The Lancer increased power and picked up from the grassy field surrounding LZ-Alpha, leaving the ALH hovering over the field with its crew watching as the Lancer’s engines groaned and moaned under the sudden strain of maximized collective by the Major. The helicopter flew down the valley, flying east of the hill occupied by the Spear-One team. The Major looked to his left and saw the smoke bellowing from the western slopes of that hill. He frowned a bit at the corner of his mouth and then lowered his helmet visor as he adjusted the tail-rotor power and spun the helicopter around on a south-westerly axis. He and his co-pilot could now see the Wang-Chu village on the horizon as they hovered over the tips of the trees in the valley below. The sun was somewhat in their eyes but that couldn’t be helped since the target had only one approach route…

“Weapons armed. You have release. Throttle at max!” the co-pilot said as the Major looked out to try and spot the target building with his eagle eyes. He thought he spotted it: “Okay. I have target acquisition! Let’s roll!”

The Lancer dipped its nose and rapidly built up speed as it flew towards the Wang-Chu village from the north, coming up behind the Chinese forces at tree-top level. Pathanya spotted the Major and his helicopter coming down the valley a good few seconds before the Chinese did, and by the time they picked up their weapons and attempted to reorient themselves, the Lancer was flying a hundred kilometers an hour and already over the village…

“Weapons release! Fire! Fire! Fire!” the Major shouted over the R/T as the Lancer released all four of its gun-pod rockets which slammed into the white building in the center of the village, demolishing it in a bowl of dust and smoke but surprisingly little fire. As the last walls of the building occupied by the enemy OP team collapsed, the Lancer had already flown overhead amidst a crackling of gunfire from the Chinese infantry inside the village. It didn’t take long before the thuds of bullet impacts started off inside the cockpit of the Lancer. The Major and his co-pilot were busy taking their bird down to tree-top height to evade the fire when a burst of LMG fire severed the tail rotor drive on the exposed boom of the Lancer, sending the helicopter spinning around while moving at one hundred kilometers an hour…

“Mayday, Mayday! Delta-One has suffered catastrophic failure in attitude control. Shutting down power and attempting auto-rotation landing! Delta-One requesting SAR support at grid-Alpha-Quebec-tw…” the R/T transmit was replaced with a screeching static as the helicopter slammed into the trees well south of the village and close to the primary LZ of Spear-One…

Oh dear god in heaven!” Vikram said from his position loud enough to be heard by all around him as they watched the helicopter disappear from their sights and a rumbling thunder occur a few seconds afterwards. Pathanya, however, was more composed:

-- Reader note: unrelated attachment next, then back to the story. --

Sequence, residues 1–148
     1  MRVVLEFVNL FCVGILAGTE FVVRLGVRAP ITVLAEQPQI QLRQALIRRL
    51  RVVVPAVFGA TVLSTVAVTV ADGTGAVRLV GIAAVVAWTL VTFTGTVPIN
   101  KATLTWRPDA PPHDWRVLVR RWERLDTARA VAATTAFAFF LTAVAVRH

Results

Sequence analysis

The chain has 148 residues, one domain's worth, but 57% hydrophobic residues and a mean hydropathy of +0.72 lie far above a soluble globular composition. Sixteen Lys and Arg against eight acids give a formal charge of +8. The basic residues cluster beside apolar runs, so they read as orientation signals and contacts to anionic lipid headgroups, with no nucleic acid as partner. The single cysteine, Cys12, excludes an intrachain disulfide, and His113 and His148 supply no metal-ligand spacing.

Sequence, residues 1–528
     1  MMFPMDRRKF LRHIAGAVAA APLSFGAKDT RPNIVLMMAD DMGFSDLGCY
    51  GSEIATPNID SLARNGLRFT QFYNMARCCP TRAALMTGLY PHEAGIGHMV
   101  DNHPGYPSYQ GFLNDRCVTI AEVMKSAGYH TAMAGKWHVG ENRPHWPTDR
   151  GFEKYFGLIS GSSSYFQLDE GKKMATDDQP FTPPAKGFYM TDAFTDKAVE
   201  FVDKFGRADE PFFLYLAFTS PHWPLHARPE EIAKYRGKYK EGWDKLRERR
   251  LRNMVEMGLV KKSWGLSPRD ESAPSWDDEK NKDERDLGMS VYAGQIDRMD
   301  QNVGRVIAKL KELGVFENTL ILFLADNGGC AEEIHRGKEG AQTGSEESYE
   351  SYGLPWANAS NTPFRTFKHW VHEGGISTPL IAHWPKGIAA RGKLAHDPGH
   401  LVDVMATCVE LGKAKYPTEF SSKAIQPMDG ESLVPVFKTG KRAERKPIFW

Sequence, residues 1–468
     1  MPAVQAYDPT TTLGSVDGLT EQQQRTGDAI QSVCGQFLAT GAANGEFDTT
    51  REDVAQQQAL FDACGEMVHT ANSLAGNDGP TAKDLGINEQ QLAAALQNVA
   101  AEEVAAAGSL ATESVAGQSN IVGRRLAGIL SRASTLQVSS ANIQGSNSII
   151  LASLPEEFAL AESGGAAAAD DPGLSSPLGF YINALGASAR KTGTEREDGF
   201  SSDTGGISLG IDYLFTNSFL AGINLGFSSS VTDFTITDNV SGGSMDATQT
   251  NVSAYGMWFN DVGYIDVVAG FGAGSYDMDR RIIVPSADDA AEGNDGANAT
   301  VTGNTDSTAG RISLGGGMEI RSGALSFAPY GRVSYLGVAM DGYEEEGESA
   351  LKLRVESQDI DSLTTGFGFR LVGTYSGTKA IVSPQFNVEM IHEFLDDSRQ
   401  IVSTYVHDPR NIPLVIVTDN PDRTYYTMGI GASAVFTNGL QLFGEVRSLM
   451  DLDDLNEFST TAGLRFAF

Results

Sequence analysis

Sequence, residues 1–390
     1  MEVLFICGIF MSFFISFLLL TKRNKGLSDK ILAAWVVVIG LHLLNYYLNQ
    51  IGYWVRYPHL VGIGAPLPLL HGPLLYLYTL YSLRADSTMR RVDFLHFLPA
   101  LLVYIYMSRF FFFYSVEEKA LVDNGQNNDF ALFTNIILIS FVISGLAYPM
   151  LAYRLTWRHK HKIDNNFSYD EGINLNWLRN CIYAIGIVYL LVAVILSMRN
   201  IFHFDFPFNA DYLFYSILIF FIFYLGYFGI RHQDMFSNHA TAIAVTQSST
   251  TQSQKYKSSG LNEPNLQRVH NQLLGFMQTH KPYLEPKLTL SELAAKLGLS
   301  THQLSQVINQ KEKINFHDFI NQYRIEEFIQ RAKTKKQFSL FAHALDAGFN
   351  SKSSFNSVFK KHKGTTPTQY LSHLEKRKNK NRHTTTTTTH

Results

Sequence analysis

“Spear-One! We are leaving. Egress to primary-LZ and link up with Delta-Two! Make the most of the cover provided by Delta-One’s sacrifice! Move!”

The team moved out a few seconds later while Pathanya stayed behind the truck to observe the dust cloud from the destroyed building and the dead Chinese OP team’s position. He could see the chaos inside the village as the Chinese soldiers attempted rescue operations for their wounded and buried. They seemed extremely energetic, however…

Maybe their CO was in that building. Good for us. Bad for them
…Pathanya thought as he lowered his binoculars, picked up his rifle and moved out from behind the truck. As he ran, he switched comms: “Delta-Two, this is Spear-One. What’s the status of Delta-One? Do you have a visual of the crash site? Over”

“Delta-One is down and on fire, Spear-One. We have visual of the crash site close to LZ-Alpha. Can you divert some personnel for SAR? Over” the pilot of the ALH said over the R/T.

“Roger that! Any survivors?” Pathanya asked as he waved another of his men to follow him to the crash site made visible by the pillar of smoke coming from the trees near LZ-Alpha. He then ordered Vikram to see that Ganesh was evacuated properly and to secure the perimeter.
“Hard to tell, Spear-One. Over”

“Roger. We will take it from here, Delta-Two. Meet you at the primary! Out” Pathanya said as he and his colleague ran through the bushes and jumped over the rocky terrain covered in treacherous ice and snow as they moved towards the burning wreckage of the Lancer. When he got to the site, Pathanya was witness to the horror of the crash. The Lancer cockpit had been smashed into the trees, and its engine and gun-pods were scattered into the foliage all around him, smoke bellowing and fires raging from fuel splattered all around. Pathanya saw the crushed body of the co-pilot still strapped inside his seat in the crushed glass cockpit. The Major had fallen clear and his body was nearby, trailing a line of blood from where he had fallen…

“Oh my god! He’s alive! Quick!” Pathanya motioned to his colleague and they ran over to the Major and turned him over. He was bleeding profusely through his green flightsuit but his hands were still clenching his personal firearm. Both men picked up the Major and straggled over to the LZ where the ALH was waiting and Vikram and the other men were on kneeling around the helicopter, their weapons pointed outwards at any threat that might come their way. They loaded Ganesh and the Major into the ALH which promptly screeched back off the ground and dived behind the hills as it flew south towards Paru airfield and General Potgam’s security zone in southern Bhutan…

Pathanya looked at the blood on his arms and hands that had resulted when they had brought the pilot over to the ALH. He saw his nine remaining men staring at him in silence as he looked at the blood. His face then stiffened and he pulled out a cloth to remove the blood: